Mono (35 mm optical prints) | 4-Track Stereo (Westrex Recording System) (35 mm magnetic prints)
Certification:
Argentina:Atp | Australia:G (alternate rating) | Australia:PG (original rating) | Canada:PG | Finland:K-12 | Germany:12 | Iceland:12 | Netherlands:AL | Norway:11 | Norway:16 (1960) | Sweden:15 | UK:A (original rating) (passed with cuts) | UK:PG (tv rating) | UK:PG (video rating) (1986) (2002) | USA:Approved (MPAA rating: certificate #19392) | USA:G (re-rating) (1972) | West Germany:12

Did You Know?

Trivia:
When George arrives in the year 802701 his time machine reads the date of October 12th. So George arrives into a "New World" on the anniversary of Columbus' first reaching the "New World" of the Americas.See more »
Goofs:
Revealing mistakes: When one of the Morlocks catches fire and runs around, you can clearly see the wrinkles of the actor's fire suit.See more »
Quotes:
George:What have you done? Thousands of years of building and rebuilding, creating and recreating so you can let it crumble to dust. A million years of sensitive men dying for their dreams... FOR WHAT? So you can swim and dance and play.See more »
Movie Connections:
Referenced in Back to the Future (1985)See more »

FAQ

How old was Weena supposed to be?
How much sex, violence, and profanity are in this movie?
Why did Wells name the principal character after himself?
See more »
12 out of 14 people found the following review useful.
"He Has All The Time In The World", 20 April 2007
Author: bkoganbing from Buffalo, New York

One of my favorite films back when I was a lad was George Pal's production of the H.G. Wells novel, The Time Machine. As I've gotten a lot older since the 13 I was when it came out, I can more appreciate the meticulous care that went into the making of this film.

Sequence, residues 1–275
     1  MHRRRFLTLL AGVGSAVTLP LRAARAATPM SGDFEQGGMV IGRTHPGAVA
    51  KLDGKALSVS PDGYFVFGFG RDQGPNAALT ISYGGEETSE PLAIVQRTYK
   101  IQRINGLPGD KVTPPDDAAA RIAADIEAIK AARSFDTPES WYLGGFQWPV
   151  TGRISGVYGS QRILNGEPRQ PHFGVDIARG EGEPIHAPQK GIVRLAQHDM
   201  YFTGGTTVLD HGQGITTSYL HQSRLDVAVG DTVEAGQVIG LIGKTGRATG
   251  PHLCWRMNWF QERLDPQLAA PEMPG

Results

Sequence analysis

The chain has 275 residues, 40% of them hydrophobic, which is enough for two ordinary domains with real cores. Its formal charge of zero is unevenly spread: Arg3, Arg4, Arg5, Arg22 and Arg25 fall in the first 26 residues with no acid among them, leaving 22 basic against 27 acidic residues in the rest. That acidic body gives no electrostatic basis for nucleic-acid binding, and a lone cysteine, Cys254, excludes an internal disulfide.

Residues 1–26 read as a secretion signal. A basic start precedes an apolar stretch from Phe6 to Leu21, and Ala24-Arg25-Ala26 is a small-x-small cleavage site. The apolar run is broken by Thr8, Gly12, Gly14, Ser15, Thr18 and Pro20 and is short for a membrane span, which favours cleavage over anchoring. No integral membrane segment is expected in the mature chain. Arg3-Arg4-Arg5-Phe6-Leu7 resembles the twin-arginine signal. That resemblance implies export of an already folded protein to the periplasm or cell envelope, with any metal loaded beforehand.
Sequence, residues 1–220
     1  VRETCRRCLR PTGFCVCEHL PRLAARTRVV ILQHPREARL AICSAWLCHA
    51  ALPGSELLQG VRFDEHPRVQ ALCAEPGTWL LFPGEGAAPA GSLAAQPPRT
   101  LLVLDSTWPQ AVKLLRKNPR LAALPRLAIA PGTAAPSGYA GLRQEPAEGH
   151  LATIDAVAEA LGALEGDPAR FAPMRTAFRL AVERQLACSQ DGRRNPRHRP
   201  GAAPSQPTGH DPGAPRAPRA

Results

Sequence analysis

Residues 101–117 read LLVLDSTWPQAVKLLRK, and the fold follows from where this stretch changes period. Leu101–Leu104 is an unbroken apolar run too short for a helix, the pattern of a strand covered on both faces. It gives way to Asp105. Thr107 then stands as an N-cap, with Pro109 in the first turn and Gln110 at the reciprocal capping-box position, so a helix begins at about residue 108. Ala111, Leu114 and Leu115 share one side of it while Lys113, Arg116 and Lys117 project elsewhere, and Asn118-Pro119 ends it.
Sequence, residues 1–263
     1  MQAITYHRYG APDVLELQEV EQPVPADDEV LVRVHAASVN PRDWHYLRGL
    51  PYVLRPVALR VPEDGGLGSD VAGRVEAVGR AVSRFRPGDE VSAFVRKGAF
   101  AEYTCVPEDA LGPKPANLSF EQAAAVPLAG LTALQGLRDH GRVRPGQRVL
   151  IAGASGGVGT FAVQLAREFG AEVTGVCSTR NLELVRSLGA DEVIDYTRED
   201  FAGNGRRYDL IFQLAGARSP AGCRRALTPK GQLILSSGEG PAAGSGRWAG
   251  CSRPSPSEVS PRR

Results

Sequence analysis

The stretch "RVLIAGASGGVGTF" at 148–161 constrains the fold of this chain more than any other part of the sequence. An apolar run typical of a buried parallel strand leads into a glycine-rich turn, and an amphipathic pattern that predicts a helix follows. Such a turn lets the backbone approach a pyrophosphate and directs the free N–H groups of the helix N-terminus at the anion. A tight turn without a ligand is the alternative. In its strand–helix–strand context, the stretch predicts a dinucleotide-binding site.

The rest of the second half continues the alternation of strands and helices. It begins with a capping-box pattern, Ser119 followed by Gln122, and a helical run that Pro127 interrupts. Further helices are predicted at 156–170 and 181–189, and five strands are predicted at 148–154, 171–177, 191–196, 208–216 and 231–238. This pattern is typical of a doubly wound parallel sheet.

Considering that we didn't have computer generated images back in the day, the special effects hold up remarkably well. The make up and costumes for the villainous Morlocks still have the power to frighten.

What I look at now though was the United Kingdom of the turn of the last century in which Wells wrote his book. As much as George Pal was able to capture the future, he did as well with the past, the recreation of the Victorian/Edwardian era from which our time traveler Rod Taylor goes to the future and back.

A lot of that has to do with the casting of the four men who are Taylor's friends and looked like they stepped from that era. Tom Helmore, Sebastian Cabot, Whit Bissell, and Alan Young all comport themselves as proper English gentlemen who are concerned and support their friend anyway in his theories and experiments.

Especially Alan Young's performance, it's my favorite in the film. Young plays a dual role as Taylor's friend and as his own son over several generations of the 20th century. He's the kind of true friend we should all in life be fortunate to have.

Also note that the mechanics of the Time Machine itself are never explained, just how the thing works and what powers it. It was probably beyond even the fertile imagination of H.G. Wells to conceive, our own best minds of science now debate whether it is even theoretically possible.

Rod Taylor after playing several good supporting roles in many films since arriving in America from his native Australia, got his first lead and real big break in The Time Machine. He's excellent as the time traveler who essentially saves the future for mankind and rescues it from the world that has developed.

The Time Machine was also ahead of it's time. no pun intended, in its depiction of the peaceful Eloi. During the sixties age of flower power, the gentle Eloi are like a bunch of hippies who seemingly have attained their version of paradise. No one is old and they live in a garden of Eden. Little do they know what the underground Morlocks are using them for.

Yvette Mimieux who as Weena of the Eloi got her break out role her. She's the quintessence of the flower power generation soon to come.

Even though new versions have been done, this version of The Time Machine still stirs the imagination and appeals to the scientifically curious in all of us.

Was the above review useful to you?
See more (195 total) »